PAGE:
Thanks to China’s resale of liquefied natural gas (LNG), Europe appears to be on track to avoid a winter energy shortage and meet its original storage target by November.
Nikkei Asia reported that China is reselling excess LNG due to weak domestic energy demand, which brings ample supply to the spot market, and even if prices are higher, Europe is still seizing the opportunity to buy spot LNG from the market.
JOVO Group, a major Chinese LNG trader, recently said that it has resold LNG to European buyers, and the profits may reach tens of millions or even hundreds of millions of dollars. Sinopec Group (Sinopec Group) also admitted in an earnings conference call in April, The company continued to import excess LNG into the international market.
According to Chinese media reports, Sinopec alone sold 3.15 million tons of LNG, while China’s total resale of LNG may exceed 4 million tons, equivalent to 7% of Europe’s natural gas imports in the first half of the year.
According to data from research firm Kpler, in the first half of this year, Europe’s LNG import volume increased by 60% compared with the same period last year, with a total purchase scale of 53 million tons, enabling the region to reach 77% of its gas storage level. If the situation persists, Europe has a chance of reaching 80% of its gas storage target by November.
Even if this gives Europe some breathing room to temporarily avoid an energy crisis, the risk is that once economic activity in China rebounds, the situation will reverse sharply. In addition, China’s natural gas production may also affect Europe’s energy procurement plans. The more desperate Europe is for energy supplies, the more capable China’s policies will be to influence the EU.
While Europe is trying to wean itself off its energy dependence on Russia, it is ironically becoming increasingly reliant on China, which runs counter to the geopolitical trend of the United States and its allies defending a liberal international order.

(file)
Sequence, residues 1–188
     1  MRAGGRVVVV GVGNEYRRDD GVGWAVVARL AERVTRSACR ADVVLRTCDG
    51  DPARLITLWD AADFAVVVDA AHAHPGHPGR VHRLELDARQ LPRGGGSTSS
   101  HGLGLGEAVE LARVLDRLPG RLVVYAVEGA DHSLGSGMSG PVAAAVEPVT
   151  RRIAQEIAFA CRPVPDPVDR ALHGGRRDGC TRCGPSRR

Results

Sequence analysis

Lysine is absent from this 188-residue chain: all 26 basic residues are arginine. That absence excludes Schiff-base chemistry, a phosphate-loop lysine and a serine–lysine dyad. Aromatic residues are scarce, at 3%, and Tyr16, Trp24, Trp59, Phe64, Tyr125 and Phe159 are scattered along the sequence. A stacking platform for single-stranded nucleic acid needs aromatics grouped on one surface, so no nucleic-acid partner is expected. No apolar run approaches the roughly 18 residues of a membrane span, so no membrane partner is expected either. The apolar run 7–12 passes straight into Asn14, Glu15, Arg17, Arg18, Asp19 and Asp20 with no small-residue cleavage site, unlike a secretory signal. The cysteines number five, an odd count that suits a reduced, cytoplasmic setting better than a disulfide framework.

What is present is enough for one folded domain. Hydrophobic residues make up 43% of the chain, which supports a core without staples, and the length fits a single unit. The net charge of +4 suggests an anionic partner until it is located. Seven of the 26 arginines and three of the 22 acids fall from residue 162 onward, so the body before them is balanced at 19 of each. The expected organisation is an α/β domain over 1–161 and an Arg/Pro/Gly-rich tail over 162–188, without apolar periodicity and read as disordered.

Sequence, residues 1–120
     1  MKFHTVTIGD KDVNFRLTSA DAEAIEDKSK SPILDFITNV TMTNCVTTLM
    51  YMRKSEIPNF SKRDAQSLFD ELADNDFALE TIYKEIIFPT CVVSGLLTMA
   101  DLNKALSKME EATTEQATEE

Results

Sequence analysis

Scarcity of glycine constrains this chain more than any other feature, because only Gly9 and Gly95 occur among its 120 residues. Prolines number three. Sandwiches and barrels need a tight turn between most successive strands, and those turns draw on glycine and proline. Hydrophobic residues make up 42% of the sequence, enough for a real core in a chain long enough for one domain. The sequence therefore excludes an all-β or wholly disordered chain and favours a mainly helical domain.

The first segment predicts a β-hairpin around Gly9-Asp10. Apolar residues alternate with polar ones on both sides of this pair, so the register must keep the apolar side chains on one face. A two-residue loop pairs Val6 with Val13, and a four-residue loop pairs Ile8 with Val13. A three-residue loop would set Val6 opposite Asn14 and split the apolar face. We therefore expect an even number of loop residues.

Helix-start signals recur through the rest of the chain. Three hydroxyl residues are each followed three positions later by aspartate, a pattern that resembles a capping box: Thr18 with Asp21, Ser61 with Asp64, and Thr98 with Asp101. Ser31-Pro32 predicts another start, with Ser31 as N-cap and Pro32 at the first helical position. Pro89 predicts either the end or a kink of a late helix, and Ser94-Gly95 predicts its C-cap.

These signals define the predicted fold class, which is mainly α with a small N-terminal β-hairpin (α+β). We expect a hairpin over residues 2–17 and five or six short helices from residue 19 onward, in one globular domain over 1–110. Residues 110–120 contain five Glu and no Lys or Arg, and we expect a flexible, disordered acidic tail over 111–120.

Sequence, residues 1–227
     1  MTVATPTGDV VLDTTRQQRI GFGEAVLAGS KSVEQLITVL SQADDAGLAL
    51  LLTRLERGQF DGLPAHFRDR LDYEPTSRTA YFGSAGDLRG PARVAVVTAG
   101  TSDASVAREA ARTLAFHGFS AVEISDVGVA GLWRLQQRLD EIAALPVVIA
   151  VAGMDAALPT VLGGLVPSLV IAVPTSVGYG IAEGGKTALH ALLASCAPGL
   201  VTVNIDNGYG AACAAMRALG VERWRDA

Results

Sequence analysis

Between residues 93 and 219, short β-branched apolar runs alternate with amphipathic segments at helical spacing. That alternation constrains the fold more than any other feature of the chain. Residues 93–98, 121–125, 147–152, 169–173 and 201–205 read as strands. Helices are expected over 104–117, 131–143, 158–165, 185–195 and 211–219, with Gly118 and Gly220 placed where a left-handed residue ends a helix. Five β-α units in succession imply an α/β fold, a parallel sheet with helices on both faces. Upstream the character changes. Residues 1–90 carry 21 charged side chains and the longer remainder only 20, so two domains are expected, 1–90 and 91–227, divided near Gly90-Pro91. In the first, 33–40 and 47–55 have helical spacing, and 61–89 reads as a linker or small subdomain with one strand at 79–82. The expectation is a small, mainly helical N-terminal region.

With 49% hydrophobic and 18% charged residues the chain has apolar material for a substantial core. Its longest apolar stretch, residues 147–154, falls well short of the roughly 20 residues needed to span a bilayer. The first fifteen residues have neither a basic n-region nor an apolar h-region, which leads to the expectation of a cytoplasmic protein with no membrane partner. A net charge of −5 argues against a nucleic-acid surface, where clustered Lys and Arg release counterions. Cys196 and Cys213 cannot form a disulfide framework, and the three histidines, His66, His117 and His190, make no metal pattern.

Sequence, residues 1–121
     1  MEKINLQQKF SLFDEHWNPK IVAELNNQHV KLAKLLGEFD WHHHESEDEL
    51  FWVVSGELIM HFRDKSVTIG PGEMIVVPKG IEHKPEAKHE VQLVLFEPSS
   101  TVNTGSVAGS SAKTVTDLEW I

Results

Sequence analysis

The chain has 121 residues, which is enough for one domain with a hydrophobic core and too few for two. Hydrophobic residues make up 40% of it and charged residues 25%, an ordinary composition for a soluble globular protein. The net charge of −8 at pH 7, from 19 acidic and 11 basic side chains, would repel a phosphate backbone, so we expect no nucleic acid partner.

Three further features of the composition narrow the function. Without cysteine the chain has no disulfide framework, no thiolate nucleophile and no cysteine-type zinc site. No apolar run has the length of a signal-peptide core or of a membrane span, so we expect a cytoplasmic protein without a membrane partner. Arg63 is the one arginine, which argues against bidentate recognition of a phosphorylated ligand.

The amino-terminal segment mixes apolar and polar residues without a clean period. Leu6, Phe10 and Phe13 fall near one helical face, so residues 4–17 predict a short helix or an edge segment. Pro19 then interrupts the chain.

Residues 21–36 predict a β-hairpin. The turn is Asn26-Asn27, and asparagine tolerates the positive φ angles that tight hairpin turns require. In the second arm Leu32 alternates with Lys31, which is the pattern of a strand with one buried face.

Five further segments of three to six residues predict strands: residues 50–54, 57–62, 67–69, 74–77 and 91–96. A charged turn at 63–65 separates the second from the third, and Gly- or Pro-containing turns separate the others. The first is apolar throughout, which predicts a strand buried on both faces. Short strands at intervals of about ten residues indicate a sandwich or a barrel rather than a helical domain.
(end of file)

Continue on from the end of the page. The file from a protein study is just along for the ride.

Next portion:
What makes China an LNG seller?
As a major energy consumer in the world, the primary reason why China has begun to resell LNG is the economic downturn.
Data show that China’s gross domestic product (GDP) grew at an annual rate of only 2.5% in the first half of the year. Xuelian Li, an analyst at Marubeni Research Institute, pointed out that the demand for industrial fuels and chemicals due to China’s lockdown has dragged down natural gas demand in the first half of the year, and the demand outlook in the second half will not be very good.
Then there is the Beijing government’s policy directive to support coal development and strengthen power supply. According to Lu media reports, China’s Shanxi province has increased its coal production by 100 million tons this year, reaching 1.3 billion tons, and will increase by 50 million tons next year.
In addition, energy consultancy Sia Energy predicts that China’s LNG production in 2022 is estimated to increase by 7% from last year, and as domestic production expands, China’s LNG imports are expected to decrease by 20% this year.
Reduced Chinese imports will have a knock-on effect on international prices. The current Asian LNG price is $45 per million British thermal units (mBTU), which is $15 cheaper than at least $60 in Europe.